PTSD: Parenting Teens in School Disorder

Teen girl is showing stop gesture to angry mother while sitting on sofa at home.

It isn’t too early to be thinking about the back-to-school frenzy. For some moms the start of school means freedom!  But freedom doesn’t come without a cost and for some families it means back to the battlefield.  I have treated many parents who suffer from PTSD (Parenting a Teen in School Disorder) every September.  It’s a serious condition that usually lasts through May.  These parents are easy to spot in my waiting room.  Before I ever meet them, I can tell they are war wounded.  They sit quietly waiting for their appointment, but their eyes are a little twitchy and they startle easily. I begin to see casualties sometime around the first of October.  I either see shell shocked mothers who want to know how to motivate their kids without losing their minds; or worse, sullen teenagers whose parents have made them come to therapy so I can straighten them out!  It happens every October without fail.  This year I’ve decided to be proactive.  Instead of waiting for you to leave your battle stations, I’m coming to you.  Consider this article my contribution to the war effort. The battle plan is a three-part operation.  Each part is critical to the success of your mission.  The first part: Be prepared!  The second part:  Expect and plan for resistance! The third and most important part: Protect your sanity.

Getting kids up in the morning can be a real hassle.  Don’t make the mistake of starting the early morning routine on the first day of school.  In the spirit of being prepared start getting your kids in bed earlier and getting them up earlier at least a week before school starts.  If your kid is 12 or older, they should be getting themselves up with minimal effort from you.  For part two of expecting and planning for resistance, try keeping a large spray bottle of water in the refrigerator.  Trust me…it works.  My kids get one warning.  The second one comes with a cold blast of water that does wonders for motivating the troops.  I’ve only had to come around a third time once.  Then I raised the covers and started spraying from his feet up.  Now my oldest sets his alarm and is usually showered, dressed and eating breakfast before I’m up. We call this “aversion therapy” in the professional field.  Battle weary parents call it a good time! I call it protecting your sanity.

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There is one issue that brings even the sturdiest parents to their knees: the battle over homework.  I have waged war on this every year in my own home and I know it can get ugly.  I can’t claim to be an expert.  I have had some wonderful successes and some exhausting defeats.  But I have learned how to keep my sanity which is, after all, the hardest part of parenting teenagers.  To be prepared, I sit my kids down the first of week of school and tell them they can choose when/how/where they do their homework until they get a zero or make anything less than a B (make sure your limits are within your child’s capabilities).  At that point, I set aside an hour each night for them to do homework.  They have to sit in a quiet place (somewhere not too comfortable…like the kitchen table) with nothing but their supplies and books for a full 60 minutes.  Of course they resist.  I have heard such clever responses as “I finished all my work in class”, “I did it on the bus” or my all time favorite “We never have math homework”. It doesn’t matter.  The rule stands.  Obviously, I cannot make them sit there and actually do homework, but I can make them sit there.  I have watched as they sigh dramatically and try to convince me I’m the worst parent in the world.  I’ve seen them fall asleep on their open books and drool over the pages.  If they do fall asleep, I stop the timer and restart it when they wake up. I don’t check to make sure they are working.  That would affect my sanity.  When their scores are back to normal they can once again dictate their own study schedule. To protect my sanity, I have to be willing for them to continue getting zeroes and sitting through a study hour each night until their brains finally connect the dots.  For some kids, it takes a while. If it takes too long, the study hour increases incrementally.  Oh!  And then I take away anything that plugs in or runs on a battery.  That usually does the trick.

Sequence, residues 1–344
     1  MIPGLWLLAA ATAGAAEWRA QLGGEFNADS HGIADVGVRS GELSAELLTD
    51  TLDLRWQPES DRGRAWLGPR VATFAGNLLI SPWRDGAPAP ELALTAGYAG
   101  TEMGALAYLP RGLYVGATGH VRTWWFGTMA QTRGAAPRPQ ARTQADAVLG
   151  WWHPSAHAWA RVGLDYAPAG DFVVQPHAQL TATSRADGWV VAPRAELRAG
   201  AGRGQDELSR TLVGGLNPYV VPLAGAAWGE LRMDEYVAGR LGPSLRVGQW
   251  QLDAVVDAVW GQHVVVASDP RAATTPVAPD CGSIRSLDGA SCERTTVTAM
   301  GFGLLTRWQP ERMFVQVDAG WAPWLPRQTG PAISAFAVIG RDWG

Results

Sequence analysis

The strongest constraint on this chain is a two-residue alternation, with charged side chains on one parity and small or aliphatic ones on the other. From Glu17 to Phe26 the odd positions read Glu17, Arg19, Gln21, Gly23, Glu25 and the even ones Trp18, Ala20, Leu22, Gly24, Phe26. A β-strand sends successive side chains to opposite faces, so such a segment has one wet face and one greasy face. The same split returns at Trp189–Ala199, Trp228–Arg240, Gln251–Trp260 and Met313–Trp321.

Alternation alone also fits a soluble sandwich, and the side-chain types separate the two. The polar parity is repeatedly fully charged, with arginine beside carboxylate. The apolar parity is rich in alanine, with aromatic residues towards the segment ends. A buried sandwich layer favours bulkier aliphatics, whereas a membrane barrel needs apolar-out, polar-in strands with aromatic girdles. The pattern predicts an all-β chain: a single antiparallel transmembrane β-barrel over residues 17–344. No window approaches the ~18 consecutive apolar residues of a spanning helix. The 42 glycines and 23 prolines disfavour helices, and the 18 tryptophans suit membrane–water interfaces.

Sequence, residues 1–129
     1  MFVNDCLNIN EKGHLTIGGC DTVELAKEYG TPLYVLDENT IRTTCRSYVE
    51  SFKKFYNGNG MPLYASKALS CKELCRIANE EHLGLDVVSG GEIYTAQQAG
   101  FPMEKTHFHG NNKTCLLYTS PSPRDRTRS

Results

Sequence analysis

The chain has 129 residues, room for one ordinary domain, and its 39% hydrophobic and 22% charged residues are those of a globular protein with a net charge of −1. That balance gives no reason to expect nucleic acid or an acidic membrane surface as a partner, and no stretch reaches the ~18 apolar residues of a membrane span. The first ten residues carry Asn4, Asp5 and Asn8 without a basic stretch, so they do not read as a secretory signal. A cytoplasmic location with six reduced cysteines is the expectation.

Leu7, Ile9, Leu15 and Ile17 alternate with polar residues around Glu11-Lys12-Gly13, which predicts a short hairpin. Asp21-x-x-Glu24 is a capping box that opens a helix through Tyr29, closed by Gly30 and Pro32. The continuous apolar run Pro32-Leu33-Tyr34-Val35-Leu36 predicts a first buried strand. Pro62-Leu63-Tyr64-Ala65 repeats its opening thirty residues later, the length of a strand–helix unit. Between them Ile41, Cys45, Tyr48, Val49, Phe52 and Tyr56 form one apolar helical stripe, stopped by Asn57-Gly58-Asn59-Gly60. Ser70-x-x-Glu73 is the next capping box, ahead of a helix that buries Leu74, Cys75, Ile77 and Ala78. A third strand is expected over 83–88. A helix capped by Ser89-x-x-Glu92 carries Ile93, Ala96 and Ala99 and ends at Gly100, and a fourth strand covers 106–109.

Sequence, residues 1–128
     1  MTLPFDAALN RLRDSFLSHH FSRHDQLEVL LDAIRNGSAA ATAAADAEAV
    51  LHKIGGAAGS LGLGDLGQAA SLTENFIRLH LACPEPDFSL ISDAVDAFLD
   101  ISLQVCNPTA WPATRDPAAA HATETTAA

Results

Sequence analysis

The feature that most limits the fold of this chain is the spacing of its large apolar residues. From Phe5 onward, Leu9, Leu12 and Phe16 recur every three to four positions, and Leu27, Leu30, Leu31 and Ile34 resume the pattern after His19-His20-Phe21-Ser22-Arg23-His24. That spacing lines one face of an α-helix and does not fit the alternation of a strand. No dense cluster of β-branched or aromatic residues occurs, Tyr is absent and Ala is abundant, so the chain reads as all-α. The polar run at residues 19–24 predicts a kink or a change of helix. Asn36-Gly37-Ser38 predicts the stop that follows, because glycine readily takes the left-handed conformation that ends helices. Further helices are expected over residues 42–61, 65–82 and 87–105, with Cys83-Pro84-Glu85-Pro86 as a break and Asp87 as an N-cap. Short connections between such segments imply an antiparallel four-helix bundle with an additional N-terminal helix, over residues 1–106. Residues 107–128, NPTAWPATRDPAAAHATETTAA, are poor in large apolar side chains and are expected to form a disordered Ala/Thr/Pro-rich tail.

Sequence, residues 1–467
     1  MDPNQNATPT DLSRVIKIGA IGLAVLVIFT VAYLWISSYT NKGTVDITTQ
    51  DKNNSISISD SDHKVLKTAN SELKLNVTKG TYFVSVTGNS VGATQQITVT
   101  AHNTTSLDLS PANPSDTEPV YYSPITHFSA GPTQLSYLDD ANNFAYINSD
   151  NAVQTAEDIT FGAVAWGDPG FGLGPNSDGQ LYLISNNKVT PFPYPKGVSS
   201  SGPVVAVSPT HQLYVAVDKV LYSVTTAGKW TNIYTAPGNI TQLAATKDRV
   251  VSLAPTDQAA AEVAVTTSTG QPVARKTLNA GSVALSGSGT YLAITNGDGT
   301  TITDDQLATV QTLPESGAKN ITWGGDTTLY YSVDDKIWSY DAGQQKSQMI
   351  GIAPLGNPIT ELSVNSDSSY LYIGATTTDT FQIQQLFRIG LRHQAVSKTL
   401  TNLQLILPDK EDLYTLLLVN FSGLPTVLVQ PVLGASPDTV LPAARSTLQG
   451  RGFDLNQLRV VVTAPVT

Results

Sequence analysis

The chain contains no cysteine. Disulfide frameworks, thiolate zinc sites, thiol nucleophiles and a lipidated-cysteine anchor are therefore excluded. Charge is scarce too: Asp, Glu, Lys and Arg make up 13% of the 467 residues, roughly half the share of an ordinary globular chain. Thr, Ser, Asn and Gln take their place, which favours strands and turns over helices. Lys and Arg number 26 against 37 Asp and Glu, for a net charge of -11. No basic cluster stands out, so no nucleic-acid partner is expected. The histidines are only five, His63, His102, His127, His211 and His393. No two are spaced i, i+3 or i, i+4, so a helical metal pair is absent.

The beauty of my three-part battle plan is the kids are responsible for themselves and I stay sane.  My relationship isn’t damaged by yelling or threatening to feed them liver and onions every night.  When they whine about study hour, I can sympathize with them because it really is sad they let themselves get in that situation.  I’m really good at sympathy.

If after all this, you are still finding yourself with PTSD symptoms, like pulling hair and leaving bald patches on your head, you might need to see a therapist.  There could be something else going on that is preventing your child from succeeding.  A therapist can help you figure that out. We can also hold your teen down and let you pull out their hair instead.  Who says therapy can’t be fun?

If you are ready to raise the white flag, send us your battle cry in Richardson, Texas.  You will feel like you called in the calvary!


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(972) 441-4432 or Send us a text at (214) 431-5764

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